Pandemic measures such as social distancing and contact tracing can be enhanced by rapidly integrating dynamic location data and demographic data. Projecting billions of longitude and latitude locations onto hundreds of thousands of highly irregular demographic census block polygons is computationally challenging in both research and deployment contexts. This paper describes two approaches labeled "simple" and "fast". The simple approach can be implemented in any scripting language (Matlab/Octave, Python, Julia, R) and is easily integrated and customized to a variety of research goals. This simple approach uses a novel combination of hierarchy, sparse bounding boxes, polygon crossing-number, vectorization, and parallel processing to achieve 100,000,000+ projections per second on 100 servers. The simple approach is compact, does not increase data storage requirements, and is applicable to any country or region. The fast approach exploits the thread, vector, and memory optimizations that are possible using a low-level language (C++) and achieves similar performance on a single server. This paper details these approaches with the goal of enabling the broader community to quickly integrate location and demographic data.

17.
Annals of the Rheumatic Diseases ; 80(SUPPL 1):883, 2021.
Article in English | EMBASE | ID: covidwho-1358753

ABSTRACT

Background: COVID-19 is a major challenge worldwide. Although the risk for a severe disease course is low among children with COVID-19, symptoms may be exacerbated by underlying disease and/or immunosuppressive medication. We analysed clinical data from COVID-19 cases in among pediatric patients with juvenile idiopathic arthritis (JIA) in Germany reported to the BIKER registry. Objectives: This is an analysis of clinical data for 56 COVID-19 cases reported to the German BIKER registry from 29 German pediatric rheumatology centers and clinics from February 2020 to January 2021. Methods: The major task of the German BIKER (Biologics in Paediatric Rheumatology) Registry is surveillance of biologics used in pediatric rheumatology patients. Following the start of the COVID-19 pandemic in Germany, a survey was established to proactively interview all participating centers regarding the occurrence, presentation and outcome of SARS-CoV-2-infected children with rheumatic diseases. Initially, the interviews were conducted in weekly intervals, later bi-weekly. A standardized Adverse Event of Special Interest form was developed requesting biographic data, pre-treatment, current medication, data on clinical presentation, course, treatment and outcome of COVID-19 pediatric rheumatology patients. Results: In all, 56 patients with JIA and SARS-CoV-2 infection were reported (Table 1). Of these patients, 71% were 12 or more years old. At the time of infection, 41% of the patients received conventional DMARDs and 52% received biologics (Table 1). Forty-four patients (79%) received either a conventional DMARD or a biologic. Most patients had a polyarticular course of their JIA (57%). In 49 of the 56 cases (88%) COVID-19 was detected directly by PCR (n=46), by antigen test only (n=1) or an undisclosed method (n= 2). Six patients had detectable SARS-CoV2 antibodies and reported to have had typical symptoms. One patient tested negative but developed typical symptoms at approximately the same time a positive SARS-CoV-2 test was returned for a family member. Symptoms were reported in 43 of the 56 patients (77%): fever n=15, rhinitis n=14, cough n=12, headache n=10, loss of sense of taste and/or smell n=9, pharyngitis n=8, fatigue n=5, musculoskeletal pain n=5, GI symptoms n=2 (abdominal pain n=1, diarrhoea n=1), dizziness n=3, encephalitis/seizure/respiratory failure/death n=1. Thirteen patients (23%) were asymptomatic. A 3-year-old female patient initially diagnosed with systemic JIA developed intracranial oedema and respiratory failure. Her SARS-CoV2 PCR test was positive and pulmonary imaging displayed typical changes in lung texture. Before her SARS-CoV-2 infection, the patient was treated with methotrexate and low-dose steroids. Unfortunately, she died three days following hospital admission. Genetic testing revealed an inborn immunodeficiency. Except for this one patient, all other cases were treated as outpatients and no deaths were reported. Conclusion: Apart from one patient with an inborn immunodeficiency who died from her COVID-19 infection, no case of hospitalization or severe COVID-19 was reported in our cohort of JIA patients. At the time of COVID-19 diagnosis, nearly 80% of patients in our cohort had been treated with conventional DMARD and/ or biologics. This seemed not to have a negative effect on severity or outcome of SARS-CoV2 infection.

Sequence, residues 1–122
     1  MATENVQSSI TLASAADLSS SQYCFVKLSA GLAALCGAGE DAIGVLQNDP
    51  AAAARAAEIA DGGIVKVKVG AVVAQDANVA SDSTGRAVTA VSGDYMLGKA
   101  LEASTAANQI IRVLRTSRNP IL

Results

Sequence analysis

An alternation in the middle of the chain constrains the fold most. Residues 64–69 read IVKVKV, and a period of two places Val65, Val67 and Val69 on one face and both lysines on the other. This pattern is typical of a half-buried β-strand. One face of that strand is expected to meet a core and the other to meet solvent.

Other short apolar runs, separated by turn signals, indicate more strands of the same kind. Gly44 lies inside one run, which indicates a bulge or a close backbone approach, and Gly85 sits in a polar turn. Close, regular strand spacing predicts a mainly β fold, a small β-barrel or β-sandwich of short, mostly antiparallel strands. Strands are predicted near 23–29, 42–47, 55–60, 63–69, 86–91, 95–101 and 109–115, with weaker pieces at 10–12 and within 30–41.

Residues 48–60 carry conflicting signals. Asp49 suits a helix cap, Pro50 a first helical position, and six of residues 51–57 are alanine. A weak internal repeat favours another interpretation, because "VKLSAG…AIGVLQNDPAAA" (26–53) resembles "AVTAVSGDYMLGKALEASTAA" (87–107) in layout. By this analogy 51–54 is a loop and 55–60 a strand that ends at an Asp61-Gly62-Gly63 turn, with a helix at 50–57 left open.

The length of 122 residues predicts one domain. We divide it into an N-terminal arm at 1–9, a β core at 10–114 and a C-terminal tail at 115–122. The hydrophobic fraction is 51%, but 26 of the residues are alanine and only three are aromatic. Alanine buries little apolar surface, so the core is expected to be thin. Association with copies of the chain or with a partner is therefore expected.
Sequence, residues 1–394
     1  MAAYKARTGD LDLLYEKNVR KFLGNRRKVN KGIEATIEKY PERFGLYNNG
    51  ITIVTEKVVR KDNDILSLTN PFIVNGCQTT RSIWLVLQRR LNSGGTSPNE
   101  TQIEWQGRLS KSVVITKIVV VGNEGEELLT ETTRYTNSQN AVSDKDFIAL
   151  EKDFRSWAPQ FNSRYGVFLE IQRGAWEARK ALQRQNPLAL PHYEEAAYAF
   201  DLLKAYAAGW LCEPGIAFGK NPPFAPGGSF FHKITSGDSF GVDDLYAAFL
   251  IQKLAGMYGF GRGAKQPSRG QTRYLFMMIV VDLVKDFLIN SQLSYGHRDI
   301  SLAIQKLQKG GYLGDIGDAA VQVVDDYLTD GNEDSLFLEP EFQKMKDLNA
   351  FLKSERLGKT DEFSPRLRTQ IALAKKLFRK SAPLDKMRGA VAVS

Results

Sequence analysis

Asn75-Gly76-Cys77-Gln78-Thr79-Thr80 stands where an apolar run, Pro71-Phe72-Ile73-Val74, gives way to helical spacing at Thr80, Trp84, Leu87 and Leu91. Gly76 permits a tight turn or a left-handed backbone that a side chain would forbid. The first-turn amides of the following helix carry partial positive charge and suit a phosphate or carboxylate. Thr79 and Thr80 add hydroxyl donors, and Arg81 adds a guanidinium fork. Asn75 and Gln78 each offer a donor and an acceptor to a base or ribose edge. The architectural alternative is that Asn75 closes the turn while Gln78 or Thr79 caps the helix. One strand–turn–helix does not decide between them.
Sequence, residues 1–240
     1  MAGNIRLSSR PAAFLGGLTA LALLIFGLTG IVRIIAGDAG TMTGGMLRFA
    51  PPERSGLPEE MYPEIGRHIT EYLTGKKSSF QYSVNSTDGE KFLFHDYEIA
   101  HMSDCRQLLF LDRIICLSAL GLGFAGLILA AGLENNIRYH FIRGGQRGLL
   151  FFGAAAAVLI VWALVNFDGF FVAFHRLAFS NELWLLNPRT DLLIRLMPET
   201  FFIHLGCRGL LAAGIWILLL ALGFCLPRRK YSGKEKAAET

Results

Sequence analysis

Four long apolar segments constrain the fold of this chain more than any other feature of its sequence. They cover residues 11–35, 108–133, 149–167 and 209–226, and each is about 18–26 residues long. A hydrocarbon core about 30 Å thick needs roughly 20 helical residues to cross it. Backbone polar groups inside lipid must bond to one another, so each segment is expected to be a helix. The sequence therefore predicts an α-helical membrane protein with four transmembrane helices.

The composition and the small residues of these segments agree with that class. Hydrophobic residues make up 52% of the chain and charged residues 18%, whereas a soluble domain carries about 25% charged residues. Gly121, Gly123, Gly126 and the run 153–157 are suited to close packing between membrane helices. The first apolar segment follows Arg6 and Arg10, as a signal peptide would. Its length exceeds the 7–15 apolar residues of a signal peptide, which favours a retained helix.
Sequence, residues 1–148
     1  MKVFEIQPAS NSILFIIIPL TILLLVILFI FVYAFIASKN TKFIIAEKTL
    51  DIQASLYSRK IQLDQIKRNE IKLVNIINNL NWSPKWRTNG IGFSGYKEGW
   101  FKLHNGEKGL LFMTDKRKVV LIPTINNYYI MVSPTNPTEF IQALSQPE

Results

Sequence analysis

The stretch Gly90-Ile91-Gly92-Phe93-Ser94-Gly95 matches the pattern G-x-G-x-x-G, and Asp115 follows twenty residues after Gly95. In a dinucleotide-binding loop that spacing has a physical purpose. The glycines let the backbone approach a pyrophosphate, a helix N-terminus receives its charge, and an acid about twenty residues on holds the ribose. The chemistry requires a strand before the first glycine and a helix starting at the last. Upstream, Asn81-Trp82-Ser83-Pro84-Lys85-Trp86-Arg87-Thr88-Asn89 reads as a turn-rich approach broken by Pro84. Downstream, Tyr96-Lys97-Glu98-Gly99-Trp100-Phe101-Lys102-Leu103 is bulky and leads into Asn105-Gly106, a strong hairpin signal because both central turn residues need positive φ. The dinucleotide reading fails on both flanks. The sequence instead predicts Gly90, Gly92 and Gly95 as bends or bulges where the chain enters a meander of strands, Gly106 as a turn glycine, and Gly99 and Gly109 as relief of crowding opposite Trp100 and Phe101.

18.
Annals of the Rheumatic Diseases ; 80(SUPPL 1):882, 2021.
Article in English | EMBASE | ID: covidwho-1358746

ABSTRACT